1. (impractical) get a bigger canoe
2. Move those thwarts around to make more room...for instance, if there is thwart behind the bow seat, you could probably take it out and open up enough room to get two barrels in front of the center thwart.
3. There is a substantial weight difference between you and your bowsman, so you do need to pack weight forward. If you could get all the heavy stuff in two barrels or bags behind you, then one lightish pack only in the aft section, plus the dog, you might balance out a bit better.
4. As previously mentioned, chuck the dog and make him walk when running rapids.
5. This is the best one...do more porting. Your dog will love you, you will feel safer, and it will allow you some time to regain your sea legs. I'm a big fan of porting, and will almost always do it if i think there is a chance of mucking up. Or, even just port a couple of bags, and then run the canoe through with or without Fido. I've done that before too. However, i think the most important thing for you to do is get back on that horse and ride it, get some confidence back.


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 Post subject: Re: packing the canoe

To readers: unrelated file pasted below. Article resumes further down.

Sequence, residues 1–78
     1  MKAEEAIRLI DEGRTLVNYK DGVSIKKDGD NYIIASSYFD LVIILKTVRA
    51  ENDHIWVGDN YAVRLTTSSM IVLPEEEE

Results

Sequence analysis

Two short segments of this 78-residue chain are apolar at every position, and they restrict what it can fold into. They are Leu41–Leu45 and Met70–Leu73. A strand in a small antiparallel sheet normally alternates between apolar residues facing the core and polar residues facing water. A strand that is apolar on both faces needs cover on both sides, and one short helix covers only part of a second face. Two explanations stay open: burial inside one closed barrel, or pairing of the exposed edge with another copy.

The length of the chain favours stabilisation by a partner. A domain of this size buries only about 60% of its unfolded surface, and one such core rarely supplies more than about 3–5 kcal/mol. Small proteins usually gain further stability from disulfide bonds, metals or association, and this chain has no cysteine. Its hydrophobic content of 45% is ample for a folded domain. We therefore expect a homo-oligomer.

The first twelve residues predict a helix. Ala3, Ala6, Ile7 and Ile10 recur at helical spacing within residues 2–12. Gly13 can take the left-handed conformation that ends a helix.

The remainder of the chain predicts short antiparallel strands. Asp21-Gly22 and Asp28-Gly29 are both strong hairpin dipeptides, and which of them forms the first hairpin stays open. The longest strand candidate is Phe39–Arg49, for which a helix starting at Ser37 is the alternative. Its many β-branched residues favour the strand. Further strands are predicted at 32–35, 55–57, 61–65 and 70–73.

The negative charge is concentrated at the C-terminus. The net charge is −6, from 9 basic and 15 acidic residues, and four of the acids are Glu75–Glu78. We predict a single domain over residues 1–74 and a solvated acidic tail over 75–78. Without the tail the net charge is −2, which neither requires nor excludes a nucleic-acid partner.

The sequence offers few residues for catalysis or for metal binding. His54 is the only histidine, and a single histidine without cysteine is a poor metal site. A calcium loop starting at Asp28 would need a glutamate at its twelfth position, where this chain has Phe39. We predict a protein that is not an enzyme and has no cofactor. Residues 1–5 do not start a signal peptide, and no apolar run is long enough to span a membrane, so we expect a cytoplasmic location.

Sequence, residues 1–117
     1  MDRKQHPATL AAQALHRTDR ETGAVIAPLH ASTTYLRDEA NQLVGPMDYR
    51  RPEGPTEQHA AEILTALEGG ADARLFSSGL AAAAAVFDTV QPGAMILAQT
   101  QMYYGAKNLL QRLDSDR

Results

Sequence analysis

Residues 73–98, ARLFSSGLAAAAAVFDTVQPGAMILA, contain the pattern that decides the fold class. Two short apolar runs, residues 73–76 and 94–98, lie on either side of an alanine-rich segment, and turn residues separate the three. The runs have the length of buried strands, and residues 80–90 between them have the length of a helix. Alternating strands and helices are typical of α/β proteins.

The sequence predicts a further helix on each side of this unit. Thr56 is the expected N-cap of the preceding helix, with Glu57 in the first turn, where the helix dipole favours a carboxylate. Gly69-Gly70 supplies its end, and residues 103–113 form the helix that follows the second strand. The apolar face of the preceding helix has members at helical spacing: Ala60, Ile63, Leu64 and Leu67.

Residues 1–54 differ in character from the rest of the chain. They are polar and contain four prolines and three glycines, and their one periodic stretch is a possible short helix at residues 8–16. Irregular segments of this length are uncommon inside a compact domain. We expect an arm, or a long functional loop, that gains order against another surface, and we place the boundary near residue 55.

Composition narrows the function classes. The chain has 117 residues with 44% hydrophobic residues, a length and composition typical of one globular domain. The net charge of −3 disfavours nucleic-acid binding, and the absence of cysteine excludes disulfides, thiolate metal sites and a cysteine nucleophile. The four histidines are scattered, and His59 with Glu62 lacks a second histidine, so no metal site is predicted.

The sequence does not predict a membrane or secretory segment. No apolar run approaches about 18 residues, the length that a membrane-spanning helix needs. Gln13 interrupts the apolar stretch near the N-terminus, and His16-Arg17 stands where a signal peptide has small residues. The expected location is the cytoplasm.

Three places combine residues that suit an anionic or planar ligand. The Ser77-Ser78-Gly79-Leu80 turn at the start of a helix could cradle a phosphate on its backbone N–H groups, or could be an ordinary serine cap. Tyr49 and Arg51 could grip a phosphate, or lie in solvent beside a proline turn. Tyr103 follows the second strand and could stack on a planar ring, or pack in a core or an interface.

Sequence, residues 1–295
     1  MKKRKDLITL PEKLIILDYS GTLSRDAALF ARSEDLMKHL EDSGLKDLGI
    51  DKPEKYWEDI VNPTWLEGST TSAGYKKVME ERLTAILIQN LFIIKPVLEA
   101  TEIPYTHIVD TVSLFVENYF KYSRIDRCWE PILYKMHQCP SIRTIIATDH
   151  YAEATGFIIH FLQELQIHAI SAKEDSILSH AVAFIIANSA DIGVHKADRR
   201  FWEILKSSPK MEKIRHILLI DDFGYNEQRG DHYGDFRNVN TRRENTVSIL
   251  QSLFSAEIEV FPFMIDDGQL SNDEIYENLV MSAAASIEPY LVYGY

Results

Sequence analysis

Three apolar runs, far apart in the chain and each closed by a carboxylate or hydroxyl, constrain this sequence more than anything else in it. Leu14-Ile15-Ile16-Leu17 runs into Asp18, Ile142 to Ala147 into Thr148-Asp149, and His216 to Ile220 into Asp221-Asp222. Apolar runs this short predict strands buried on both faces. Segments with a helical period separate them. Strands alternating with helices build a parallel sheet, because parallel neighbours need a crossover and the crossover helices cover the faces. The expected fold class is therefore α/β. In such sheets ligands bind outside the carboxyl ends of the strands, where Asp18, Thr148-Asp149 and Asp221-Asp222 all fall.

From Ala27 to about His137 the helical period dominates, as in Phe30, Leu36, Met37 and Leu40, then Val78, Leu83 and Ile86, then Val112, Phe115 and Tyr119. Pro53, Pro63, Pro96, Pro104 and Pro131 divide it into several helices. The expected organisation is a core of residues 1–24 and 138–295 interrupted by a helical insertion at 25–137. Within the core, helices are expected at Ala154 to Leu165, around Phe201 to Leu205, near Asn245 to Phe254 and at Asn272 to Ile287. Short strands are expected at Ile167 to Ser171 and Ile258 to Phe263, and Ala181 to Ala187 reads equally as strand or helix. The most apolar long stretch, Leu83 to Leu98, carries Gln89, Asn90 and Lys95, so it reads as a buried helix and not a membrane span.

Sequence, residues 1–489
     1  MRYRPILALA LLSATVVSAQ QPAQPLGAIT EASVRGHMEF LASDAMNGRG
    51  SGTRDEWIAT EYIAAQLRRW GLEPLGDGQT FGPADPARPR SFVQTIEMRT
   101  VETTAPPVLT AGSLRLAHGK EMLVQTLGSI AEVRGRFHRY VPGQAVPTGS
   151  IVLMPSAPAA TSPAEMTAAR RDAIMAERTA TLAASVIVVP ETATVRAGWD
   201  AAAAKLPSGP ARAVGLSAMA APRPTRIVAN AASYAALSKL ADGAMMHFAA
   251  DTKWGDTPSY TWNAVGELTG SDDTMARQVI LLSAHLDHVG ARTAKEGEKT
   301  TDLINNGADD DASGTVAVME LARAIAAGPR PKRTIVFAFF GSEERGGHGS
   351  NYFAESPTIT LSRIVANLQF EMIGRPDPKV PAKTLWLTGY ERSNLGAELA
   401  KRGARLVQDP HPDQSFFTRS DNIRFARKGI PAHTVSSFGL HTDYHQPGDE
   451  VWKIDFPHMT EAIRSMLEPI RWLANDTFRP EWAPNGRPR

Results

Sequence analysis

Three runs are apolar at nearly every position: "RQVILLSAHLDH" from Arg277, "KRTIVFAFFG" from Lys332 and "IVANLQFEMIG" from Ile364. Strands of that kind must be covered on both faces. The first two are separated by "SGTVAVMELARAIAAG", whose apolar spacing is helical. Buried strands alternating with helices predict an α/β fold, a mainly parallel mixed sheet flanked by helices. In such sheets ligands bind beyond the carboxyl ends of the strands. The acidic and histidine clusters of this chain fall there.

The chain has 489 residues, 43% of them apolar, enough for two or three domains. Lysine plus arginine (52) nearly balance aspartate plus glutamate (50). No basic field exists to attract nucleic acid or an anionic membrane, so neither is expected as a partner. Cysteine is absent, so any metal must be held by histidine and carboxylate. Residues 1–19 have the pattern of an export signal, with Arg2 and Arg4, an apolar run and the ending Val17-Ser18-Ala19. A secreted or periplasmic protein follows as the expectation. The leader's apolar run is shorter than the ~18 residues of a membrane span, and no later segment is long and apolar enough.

PostPosted: January 4th, 2009, 12:15 pm 
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Joined: October 25th, 2005, 8:24 pm
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Location: Stillwater, Minnesota
RHaslam wrote:
However, having said all that, if i came to a particularly knarly set of rapids, I pulled into shore, port or no port, and tossed the dog out. He was then free to run along shore or swim the rapids while we shot them. He did swim some very substantial rapids, which was quite funny/scary at the same time...

Yep...let the dog out run along the shore. Standard practice if the landscape permits. Murph (above) swims class II with ease. Just take off the dog collar so they can't get hung up on stuff.

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 Post subject: Re: packing the canoe
PostPosted: January 4th, 2009, 1:21 pm 
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Joined: September 15th, 2006, 5:09 pm
Posts: 181
Location: Toronto, ON
I have a pretty similar packing challenge, because me (180 cm) my wife (175 cm) and my son (185 cm) typically share the same canoe.

Sharing 16" Prospector was rather painful experience. 17" canoes are more or less OK. However we like stable boats from 18" and 18.5" Souris River Quetico is our favorite.

I do not believe that you can find a satisfactory way to pack your family into 16" Prospector. Just try renting a bigger boat at least once and then you may reconsider your approach.

I believe that placing your packs immediately behind you and moving your dog to the aft section is the most valuable advice you've already received.

By the way, when I do not have enough space in a canoe I place my 30 liters barrels vertically. This approach insignificantly increases the height of a center of mass of a canoe and saves a lot of space.